G Media on Marketing Through Social Communities

Wednesday, January 6th, 2010 at 15:46

G Media on Marketing Through Social Communities
Think Global but Act Micro-Local

In this age of online marketing and social networks, many marketing managers and indeed CEO’s consider social marketing to simply imply that online social networks are the key to a community strategy. Online networks are just one tool, not a community strategy. Online networks get lots of buzz, and given today’s enabling technologies it seems silly to pass up opportunities in the virtual world. According to Garion Hall, the CEO of G Media unfortunately, most well-crafted online networking communities can have limitations, and lest we forget,a huge chunk of life still takes place off-line in the real world of bricks and mortar. The reality is that social networks at the local grass roots level such as local community centers, the shopping mall, school, coffee shops often provide social and emotional support stronger than family ties and research has suggested there is a benefit from this grass roots buzz that delivers price premiums of up to 20%. This is nothing new, word off mouth marketing has always been a desired outcome of a good marketing or PR strategy.
Understanding the need to think global but act micro-local is more important today then ever before as consumers seek brands and products that they trust and deliver a perceived price value.

With countries as geographically dispersed as the United States and Australia where a large portion of the population live in smaller regional communities, there is an opportunity for marketers to get back to basics in building local social communities of advocates that will assist in growing market share. These local communities are strongest when everybody plays a role. Opinion leaders and evangelists play important roles in online social networks. They spread information, influence decisions, and help new ideas gain traction. While focusing on opinion leaders may be sage advice for online buzz campaigns, it is a misguided approach to local community building, as communities establish trust by enabling everyone to play a role as products are discussed and recommended in a one-one-one face to face engagement.

Managers can forget that consumers are actually people,with many different needs, interests and responsibilities. A community based brand can build loyalty that is not driven by sales transactions, but by trust and helping people meet their needs. In these type of local bricks and mortar communities, brand loyalty is the reward for meeting peoples needs in the community, not the impetus for the community to form as is the case in the virtual world.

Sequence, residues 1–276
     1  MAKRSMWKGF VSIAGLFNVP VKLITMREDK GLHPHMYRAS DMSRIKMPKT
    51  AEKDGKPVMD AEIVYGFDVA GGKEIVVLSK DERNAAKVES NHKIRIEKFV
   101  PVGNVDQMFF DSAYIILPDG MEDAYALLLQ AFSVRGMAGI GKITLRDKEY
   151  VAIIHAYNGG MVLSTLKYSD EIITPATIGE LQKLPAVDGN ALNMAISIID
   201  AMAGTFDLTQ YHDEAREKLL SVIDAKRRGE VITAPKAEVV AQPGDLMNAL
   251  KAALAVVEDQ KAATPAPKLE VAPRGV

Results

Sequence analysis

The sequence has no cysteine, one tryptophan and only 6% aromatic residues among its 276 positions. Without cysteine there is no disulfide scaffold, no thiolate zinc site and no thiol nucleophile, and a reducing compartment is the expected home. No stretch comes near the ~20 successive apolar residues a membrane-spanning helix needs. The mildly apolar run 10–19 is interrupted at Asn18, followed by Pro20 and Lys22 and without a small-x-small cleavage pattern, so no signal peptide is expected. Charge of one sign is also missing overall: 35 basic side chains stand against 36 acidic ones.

Today marketers need to combine the on-line capability that can deliver a wide range of information and resources at the local community based level, and then ensure they are mapping the feedback that comes from these communities to provide goods and services that meet the needs of the various social networks within each community.

There are several good search engines and community based sites around that allow consumers to search out local service and product information for their own town, and then select products or services based on community feedback.

This micro approach can take a lot of work and requires developing a community engagement strategy that links your product or service to the needs of each community that wish to become a part of.

The end result however will be loyal consumers that tell their friends about your brand allowing you to grow market share, which is of course what G Media is striving for……not much different to 1960 when brands grew on on word of mouth and now we can be combining the best of the virtual world with the natural human need to help others.

Let the staff at G Media know what you think

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